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The fascinating thing is that the social systems are the rules and structures that make up our societies — the things that we humans have created to manage ourselves — and thus, can be reconfigured within generations. They are the often unspoken rules that maintain societal norms, rituals, and behaviors, all of which reinforce the unsustainability that we have created for ourselves. The same applies to the industrial systems — they are the outcome of our collective desires for speed, access, convenience, connectivity, success, status, cleanliness, and all manners of human desires and needs. The manufactured world is just that: created, and intentionally designed to facilitate the ever-expanding suite of human needs. However, the biggest and most important system of all, the ecosystem, cannot be redesigned or restricted without it impacting all the rest, yet we treat all natural services as though they are infinite and degradable. But clean air, food, fresh water, minerals, and natural resources need to be respected and shared with all species for the collective success of the planet. 

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6 Key Tools for Systems Thinking

Words have power, and in systems thinking, we use some very specific words that intentionally define a different set of actions to mainstream thinking. Words like ‘synthesis,’ ‘emergence,’ ‘interconnectedness,’ and ‘feedback loops’ can be overwhelming for some people. Since they have very specific meanings in relation to systems, allow me to start off with the exploration of six* key themes.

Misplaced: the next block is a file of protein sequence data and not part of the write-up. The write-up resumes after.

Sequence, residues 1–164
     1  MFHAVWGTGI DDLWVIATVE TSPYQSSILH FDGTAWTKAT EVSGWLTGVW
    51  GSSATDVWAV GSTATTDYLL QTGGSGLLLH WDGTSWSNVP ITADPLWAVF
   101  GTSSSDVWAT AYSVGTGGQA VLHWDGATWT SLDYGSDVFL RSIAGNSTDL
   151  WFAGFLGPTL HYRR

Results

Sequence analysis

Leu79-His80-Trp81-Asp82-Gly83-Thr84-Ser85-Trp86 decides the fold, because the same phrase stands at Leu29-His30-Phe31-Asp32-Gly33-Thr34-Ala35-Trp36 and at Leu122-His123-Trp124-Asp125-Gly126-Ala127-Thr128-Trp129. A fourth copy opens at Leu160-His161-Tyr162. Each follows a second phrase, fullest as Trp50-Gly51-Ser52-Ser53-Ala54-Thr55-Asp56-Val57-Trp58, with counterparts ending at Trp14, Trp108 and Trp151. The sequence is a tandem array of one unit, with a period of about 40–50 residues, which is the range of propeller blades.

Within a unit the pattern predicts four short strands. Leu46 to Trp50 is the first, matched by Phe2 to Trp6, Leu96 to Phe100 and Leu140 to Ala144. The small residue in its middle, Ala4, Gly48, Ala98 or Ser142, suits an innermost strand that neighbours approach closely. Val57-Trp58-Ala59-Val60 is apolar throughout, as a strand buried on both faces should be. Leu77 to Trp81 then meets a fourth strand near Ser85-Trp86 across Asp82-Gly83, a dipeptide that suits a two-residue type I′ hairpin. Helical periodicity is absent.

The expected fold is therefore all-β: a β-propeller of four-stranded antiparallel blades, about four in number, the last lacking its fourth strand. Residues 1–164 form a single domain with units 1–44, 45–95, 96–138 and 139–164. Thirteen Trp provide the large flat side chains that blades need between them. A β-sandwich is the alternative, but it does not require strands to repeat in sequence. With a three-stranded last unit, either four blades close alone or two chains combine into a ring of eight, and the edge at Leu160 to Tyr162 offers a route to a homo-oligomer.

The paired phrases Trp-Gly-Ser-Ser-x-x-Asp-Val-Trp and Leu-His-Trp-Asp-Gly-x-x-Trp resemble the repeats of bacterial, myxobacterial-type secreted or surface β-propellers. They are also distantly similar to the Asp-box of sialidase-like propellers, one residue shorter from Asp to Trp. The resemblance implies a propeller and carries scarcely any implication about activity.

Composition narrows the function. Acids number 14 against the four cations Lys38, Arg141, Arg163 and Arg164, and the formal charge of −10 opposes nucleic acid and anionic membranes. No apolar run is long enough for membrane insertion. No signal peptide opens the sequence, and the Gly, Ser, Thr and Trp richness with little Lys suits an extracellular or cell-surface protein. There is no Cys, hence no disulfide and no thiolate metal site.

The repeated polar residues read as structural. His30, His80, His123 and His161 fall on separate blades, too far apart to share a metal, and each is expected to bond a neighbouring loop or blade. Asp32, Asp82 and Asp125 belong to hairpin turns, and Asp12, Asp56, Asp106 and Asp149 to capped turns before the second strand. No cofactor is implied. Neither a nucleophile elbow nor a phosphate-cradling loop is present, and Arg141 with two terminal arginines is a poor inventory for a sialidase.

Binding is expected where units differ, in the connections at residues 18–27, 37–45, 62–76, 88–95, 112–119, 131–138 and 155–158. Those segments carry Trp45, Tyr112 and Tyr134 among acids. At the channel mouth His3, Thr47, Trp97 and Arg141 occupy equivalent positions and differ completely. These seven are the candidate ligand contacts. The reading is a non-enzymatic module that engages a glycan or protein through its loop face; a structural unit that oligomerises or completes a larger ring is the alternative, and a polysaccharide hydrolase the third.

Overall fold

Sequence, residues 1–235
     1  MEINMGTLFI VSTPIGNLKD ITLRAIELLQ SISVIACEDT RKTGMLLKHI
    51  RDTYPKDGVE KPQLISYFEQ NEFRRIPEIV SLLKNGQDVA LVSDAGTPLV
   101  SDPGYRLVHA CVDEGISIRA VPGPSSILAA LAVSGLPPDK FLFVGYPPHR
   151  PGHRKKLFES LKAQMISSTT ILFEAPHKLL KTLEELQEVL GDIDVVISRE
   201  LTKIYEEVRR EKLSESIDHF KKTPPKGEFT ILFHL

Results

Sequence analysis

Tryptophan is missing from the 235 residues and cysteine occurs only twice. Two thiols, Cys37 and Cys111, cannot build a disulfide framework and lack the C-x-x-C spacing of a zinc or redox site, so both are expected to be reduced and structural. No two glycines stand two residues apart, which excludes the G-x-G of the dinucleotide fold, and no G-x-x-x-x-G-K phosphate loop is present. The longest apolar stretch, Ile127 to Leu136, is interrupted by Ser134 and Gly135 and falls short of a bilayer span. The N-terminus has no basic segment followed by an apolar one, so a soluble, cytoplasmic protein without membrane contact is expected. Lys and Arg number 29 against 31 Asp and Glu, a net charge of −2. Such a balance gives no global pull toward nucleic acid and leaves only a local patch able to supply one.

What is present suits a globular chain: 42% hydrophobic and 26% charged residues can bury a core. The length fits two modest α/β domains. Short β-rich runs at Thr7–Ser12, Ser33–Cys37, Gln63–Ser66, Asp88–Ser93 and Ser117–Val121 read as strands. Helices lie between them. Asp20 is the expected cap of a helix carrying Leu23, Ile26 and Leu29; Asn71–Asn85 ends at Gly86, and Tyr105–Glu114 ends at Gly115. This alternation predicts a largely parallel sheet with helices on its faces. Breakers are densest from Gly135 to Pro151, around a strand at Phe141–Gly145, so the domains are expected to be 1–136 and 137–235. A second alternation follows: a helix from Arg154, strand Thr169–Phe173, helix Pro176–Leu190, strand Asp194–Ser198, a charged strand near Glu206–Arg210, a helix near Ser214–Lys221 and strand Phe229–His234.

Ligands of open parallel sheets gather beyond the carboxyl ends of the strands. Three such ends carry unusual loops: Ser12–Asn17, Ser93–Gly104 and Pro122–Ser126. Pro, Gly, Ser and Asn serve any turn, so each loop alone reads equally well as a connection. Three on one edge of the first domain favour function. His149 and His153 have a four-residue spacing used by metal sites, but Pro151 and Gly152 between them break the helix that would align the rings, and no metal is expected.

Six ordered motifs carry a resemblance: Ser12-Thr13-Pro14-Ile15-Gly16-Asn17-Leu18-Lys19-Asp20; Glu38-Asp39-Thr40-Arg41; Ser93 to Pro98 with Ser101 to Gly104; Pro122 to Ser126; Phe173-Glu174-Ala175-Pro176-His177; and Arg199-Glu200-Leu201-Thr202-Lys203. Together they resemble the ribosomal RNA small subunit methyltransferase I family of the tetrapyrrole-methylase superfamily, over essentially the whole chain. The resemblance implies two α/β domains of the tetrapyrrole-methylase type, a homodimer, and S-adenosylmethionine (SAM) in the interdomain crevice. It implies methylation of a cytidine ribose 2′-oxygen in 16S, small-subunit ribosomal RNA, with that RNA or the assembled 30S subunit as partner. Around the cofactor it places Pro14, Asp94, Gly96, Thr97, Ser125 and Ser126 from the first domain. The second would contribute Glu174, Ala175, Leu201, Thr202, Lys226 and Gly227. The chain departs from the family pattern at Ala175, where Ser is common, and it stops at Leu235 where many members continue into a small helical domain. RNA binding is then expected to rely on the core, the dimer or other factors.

*There are way more than six, but I picked the most important ones that you definitely need to know. To dive deeper, check out my  'Tools for Systems Thinkers’ series on Medium. 


1. Interconnectedness

Systems thinking requires a shift in mindset, away from linear to circular. The fundamental principle of this shift is that everything is interconnected. We talk about interconnectedness not in a spiritual way, but in a biological sciences way.

Essentially, everything is reliant upon something else for survival. Humans need food, air, and water to sustain our bodies, and trees need carbon dioxide and sunlight to thrive. Everything needs something else, often a complex array of other things, to survive. Inanimate objects are also reliant on other things: a chair needs a tree to grow to provide its wood, and a cell phone needs electricity distribution to power it. So, when we say ‘everything is interconnected’ from a systems thinking perspective, we are defining a fundamental principle of life. From this, we can shift the way we see the world, from a linear, structured “mechanical worldview’ to a dynamic, chaotic, interconnected array of relationships and feedback loops. A systems thinker uses this mindset to untangle and work within the complexity of life on Earth.


2. Synthesis

In general, synthesis refers to the combining of two or more things to create something new. When it comes to systems thinking, the goal is synthesis, as opposed to analysis, which is the dissection of complexity into manageable components. Analysis fits into the mechanical and reductionist worldview, where the world is broken down into parts.